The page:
What Kind of Therapy is Out There?


In reviewing treatments for depression, it seems the three most common, two of which are very broad, treatments are anti depressant medications, electro-convulsive therapy or ECT, and psychotherapy. Each of these treatments has their own purpose and regimen and can be combined in various ways even though they are different. In fact it is most likely because they are so different that they work well together.

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Antidepressant medication gives a therapist and a patient many options. These options have both positive and negative effects. There are different side effects with each type of medication, some tolerable, some need to be managed with other medications. It is different for everyone; this is why it is important to continue trying different combinations until an agreeable treatment plan is found. One example of medication is SSRIS, which are Selective Serotonin Reuptake Inhibitors. This medication is usually the first choice for treatment. The reasoning behind this is that SSRI’s are the most tolerated with very little side effects and most people find they work very well for them. Some side effects are headache or insomnia, but often any side effects subside in the first month. This medication allows a high amount of serotonin to be blocked in the synapse. By doing this, the cells that are neglected are resaturated allowing relief from depression symptoms.

Tricyclic anti-depressants or TCAs are a second choice in medications, if for some reason the SSRI is unable to help the patient. This medication was developed sometime during the 1950’s and 60’s. TCAs seem to be used for more moderate or severe depression because the side effects are more likely to be serious. TCAs work in the brain synapses and increase norepinephrine. Some of the side effects include dry mouth or visual focus, but the more serious side effects include things such as urinary obstruction or delirium. People who have had a lot of strokes or have been diagnosed as having seizure disorders should not be given any TCAs as medication.

MAOIs or monoamine oxidase inhibitors are another common medication prescribed to depression patients. These are generally a last choice because the side effects are often serious. MAOIs are usually effective in treating depression and were actually the first anti-depressant. It works by blocking monoamine oxidase in the brain synapses and increasing norepinephrine. MAOIs inhibit the body’s ability to break down tyramine which is found in very common foods such as wine, nuts, and chocolate. When this food is consumed while the person is taking an MAOI, it is possible for the tyramine to cause blood pressure to rise to dangerous levels.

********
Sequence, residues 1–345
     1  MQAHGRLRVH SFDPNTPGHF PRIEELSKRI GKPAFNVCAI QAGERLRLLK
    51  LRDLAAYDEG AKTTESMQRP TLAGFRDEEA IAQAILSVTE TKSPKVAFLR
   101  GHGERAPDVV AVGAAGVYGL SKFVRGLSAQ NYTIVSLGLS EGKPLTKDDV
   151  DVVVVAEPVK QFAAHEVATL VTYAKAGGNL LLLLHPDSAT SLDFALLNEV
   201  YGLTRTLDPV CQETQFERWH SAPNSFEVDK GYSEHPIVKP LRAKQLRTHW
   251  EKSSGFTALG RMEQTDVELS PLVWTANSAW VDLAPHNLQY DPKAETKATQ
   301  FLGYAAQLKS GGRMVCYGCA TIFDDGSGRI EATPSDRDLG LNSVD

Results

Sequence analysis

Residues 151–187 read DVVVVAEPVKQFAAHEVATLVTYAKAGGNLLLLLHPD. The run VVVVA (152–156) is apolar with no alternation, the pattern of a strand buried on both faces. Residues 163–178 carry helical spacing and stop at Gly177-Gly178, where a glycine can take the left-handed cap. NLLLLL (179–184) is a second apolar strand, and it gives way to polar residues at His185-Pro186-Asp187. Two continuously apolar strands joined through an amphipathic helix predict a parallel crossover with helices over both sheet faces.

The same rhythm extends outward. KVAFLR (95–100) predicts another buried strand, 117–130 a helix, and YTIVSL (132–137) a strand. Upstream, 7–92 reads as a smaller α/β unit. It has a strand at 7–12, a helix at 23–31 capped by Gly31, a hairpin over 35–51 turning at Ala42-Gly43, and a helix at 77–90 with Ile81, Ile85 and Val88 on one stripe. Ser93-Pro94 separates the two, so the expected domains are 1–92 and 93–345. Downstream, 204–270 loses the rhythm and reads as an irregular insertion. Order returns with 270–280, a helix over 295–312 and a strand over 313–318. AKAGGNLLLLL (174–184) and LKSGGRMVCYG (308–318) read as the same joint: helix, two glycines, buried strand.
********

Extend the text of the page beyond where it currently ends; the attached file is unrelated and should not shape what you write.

While anti-depressants can be mixed or left as a single treatment, they do provide a lot of options to help deal with side effects or other issues that may come up.  They are always the best option; another treatment option for depression is electroconvulsive therapy or ECT.

When electroconvulsive therapy is chosen as treatment the patient receives an electrical current which is passed through the brain causing a seizure. The seizure usually continues for twenty to ninety seconds. This treatment is said to offer a patient a quick relief of their depression symptoms. A common side effect of this treatment is confusion that can last up to several hours and short term memory loss, both of which are short term.

Psychotherapy is the last type of treatment discussed and is often referred to as talk therapy. There are various types of psychotherapy such as cognitive behavioral therapy, interpersonal therapy, and psychodynamic therapy. The most common type of talk therapy is the cognitive behavioral therapy. During sessions a patient not only talks about their depression, they have the opportunity to learn more about it. The patient is then able to focus on knowing what their negative patterns are and changing those into positive behaviors. Interpersonal therapists’ help their patients look at the destructive relationships a person is in that may be helping to grow the depression instead of helping to keep it at bay. Psychodynamic therapy helps a patient work through and resolves whatever internal conflicts the patient may be living with.

All of these types of psychotherapy focus on one thing, helping the patient talk through and learn how to deal with events in their lives so they don’t feel like they are drowning in depression.

Out of all of these treatments I would actually think electroconvulsive therapy to be the quickest and most effective. I can’t imagine going under sedation in order to endure treatment and then waking up not only with memory loss but also being confused about your whereabouts, among other things, even if only temporarily.

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References:

Child and Adolescent Psychological Disorders.

Oxford Textbook of Psychopathology.

Depression. medicinenet.com. http://www.medicinenet.com/script/main/art.asp?articlekey=342&pf=3&page=6

Depression (Major Depression).  Mayoclinic.com. http://www.mayoclinic.com/health/depression/DS00175/METHOD=print&DSECTION=all

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